ORIGINAL ARTICLE
Year : 2017  |  Volume : 8  |  Issue : 2  |  Page : 199-202

Evaluation of susceptibility of glycopeptide-resistant and glycopeptide-sensitive enterococci to commonly used biocides in a super-speciality hospital: A pilot study


Department of Microbiology, Govind Ballabh Pant Institute of Postgraduate Medical Education and Research, New Delhi, India

Correspondence Address:
Mohit Bhatia
Department of Microbiology, Govind Ballabh Pant Institute of Postgraduate Medical Education and Research, New Delhi
India
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Source of Support: None, Conflict of Interest: None


DOI: 10.4103/0976-9668.210010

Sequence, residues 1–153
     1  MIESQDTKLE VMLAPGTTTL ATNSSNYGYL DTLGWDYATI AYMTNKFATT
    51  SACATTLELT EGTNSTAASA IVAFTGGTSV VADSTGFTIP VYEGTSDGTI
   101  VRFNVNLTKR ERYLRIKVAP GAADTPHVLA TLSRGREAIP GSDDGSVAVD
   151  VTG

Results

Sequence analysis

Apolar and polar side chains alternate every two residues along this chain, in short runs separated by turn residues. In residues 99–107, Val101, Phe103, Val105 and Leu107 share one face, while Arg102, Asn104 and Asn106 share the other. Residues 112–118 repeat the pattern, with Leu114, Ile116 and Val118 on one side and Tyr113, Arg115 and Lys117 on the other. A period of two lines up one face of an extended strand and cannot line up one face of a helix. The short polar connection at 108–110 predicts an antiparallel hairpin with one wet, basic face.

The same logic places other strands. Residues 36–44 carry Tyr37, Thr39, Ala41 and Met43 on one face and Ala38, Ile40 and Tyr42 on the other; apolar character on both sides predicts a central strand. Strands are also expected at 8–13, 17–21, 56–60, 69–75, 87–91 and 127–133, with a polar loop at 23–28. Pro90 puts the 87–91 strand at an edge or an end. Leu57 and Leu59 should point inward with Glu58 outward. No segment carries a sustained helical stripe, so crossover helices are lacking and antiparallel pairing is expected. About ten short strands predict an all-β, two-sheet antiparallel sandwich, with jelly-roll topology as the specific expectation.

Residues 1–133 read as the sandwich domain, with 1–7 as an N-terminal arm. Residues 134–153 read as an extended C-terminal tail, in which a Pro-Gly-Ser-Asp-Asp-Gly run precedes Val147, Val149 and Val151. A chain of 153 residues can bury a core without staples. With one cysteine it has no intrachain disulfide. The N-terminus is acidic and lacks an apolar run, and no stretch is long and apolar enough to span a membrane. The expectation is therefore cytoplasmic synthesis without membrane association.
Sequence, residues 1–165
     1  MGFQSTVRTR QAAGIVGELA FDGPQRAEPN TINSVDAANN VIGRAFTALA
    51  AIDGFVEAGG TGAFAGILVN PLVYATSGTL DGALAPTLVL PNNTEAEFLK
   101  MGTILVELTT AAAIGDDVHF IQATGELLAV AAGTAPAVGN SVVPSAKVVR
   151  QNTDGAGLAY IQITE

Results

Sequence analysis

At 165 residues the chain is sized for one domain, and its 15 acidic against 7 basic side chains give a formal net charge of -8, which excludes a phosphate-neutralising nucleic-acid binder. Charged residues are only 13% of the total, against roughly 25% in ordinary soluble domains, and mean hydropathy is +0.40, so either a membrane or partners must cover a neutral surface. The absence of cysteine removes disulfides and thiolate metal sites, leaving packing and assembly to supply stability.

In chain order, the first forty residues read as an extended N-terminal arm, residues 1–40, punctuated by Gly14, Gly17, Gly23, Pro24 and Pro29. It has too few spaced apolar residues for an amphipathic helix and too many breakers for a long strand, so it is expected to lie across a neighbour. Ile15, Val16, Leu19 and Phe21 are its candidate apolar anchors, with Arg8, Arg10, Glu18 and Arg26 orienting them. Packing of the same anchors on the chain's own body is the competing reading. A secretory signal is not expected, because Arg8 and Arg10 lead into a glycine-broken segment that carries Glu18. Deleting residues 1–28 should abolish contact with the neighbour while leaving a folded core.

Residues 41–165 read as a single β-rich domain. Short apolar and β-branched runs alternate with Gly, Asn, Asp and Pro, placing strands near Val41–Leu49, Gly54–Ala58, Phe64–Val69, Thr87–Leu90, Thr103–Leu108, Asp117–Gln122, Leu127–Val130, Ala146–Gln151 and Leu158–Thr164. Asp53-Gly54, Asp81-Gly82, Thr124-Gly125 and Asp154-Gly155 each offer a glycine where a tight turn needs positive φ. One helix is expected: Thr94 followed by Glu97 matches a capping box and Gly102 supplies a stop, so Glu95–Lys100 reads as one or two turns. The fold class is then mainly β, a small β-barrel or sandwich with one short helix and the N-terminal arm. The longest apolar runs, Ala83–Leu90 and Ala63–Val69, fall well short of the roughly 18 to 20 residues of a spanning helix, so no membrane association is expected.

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Context: Although existence of a probable association between glycopeptide and biocide resistance among enterococci has often been hypothesized, all studies conducted so far on this subject have been inconclusive. Aims: The aim of this study was to explore the possibility of the existence of an association between glycopeptide resistance and reduced susceptibility to biocides among Enterococcus spp. Settings and Design: This was a pilot study conducted in a super-speciality hospital situated in New Delhi, India, between June and November, 2015. Patients and Methods: Fourteen isolates of Enterococcus spp. obtained from various clinical samples of inpatients were subjected to susceptibility testing by modified Kirby-Bauer disk diffusion method to the following antibiotics: ampicillin (30 μg), gentamicin (120 μg), linezolid (30 μg), teicoplanin (30 μg), and vancomycin (30 μg). Based on the preliminary glycopeptide susceptibility results, all the isolates were classified into glycopeptide-sensitive and glycopeptide-resistant groups, respectively. Isolates belonging to both of these groups were subjected to tube dilution method for determining minimum inhibitory concentration of three biocides, namely, sodium hypochlorite, povidone-iodine, and absolute ethanol, respectively. Minimum bactericidal concentration of these disinfectants was also determined as per standard guidelines. Statistical Analysis Used: Not applicable. Results: More number of glycopeptide-sensitive strains exhibited reduced susceptibility to sodium hypochlorite than glycopeptide-resistant strains of enterococci. However, more number of glycopeptide-resistant isolates exhibited lower susceptibility to povidone-iodine than glycopeptide-sensitive isolates of enterococci. Both glycopeptide-sensitive and glycopeptide-resistant enterococci were equally susceptible to absolute ethanol. Conclusions: It seems that biocide resistance is an important issue and may have links with antibiotic resistance. This study points towards a possible association between glycopeptide resistance and reduced susceptibility to povidone iodine among enterococci. More studies should be conducted in order to further explore this supposedly enigmatic issue.


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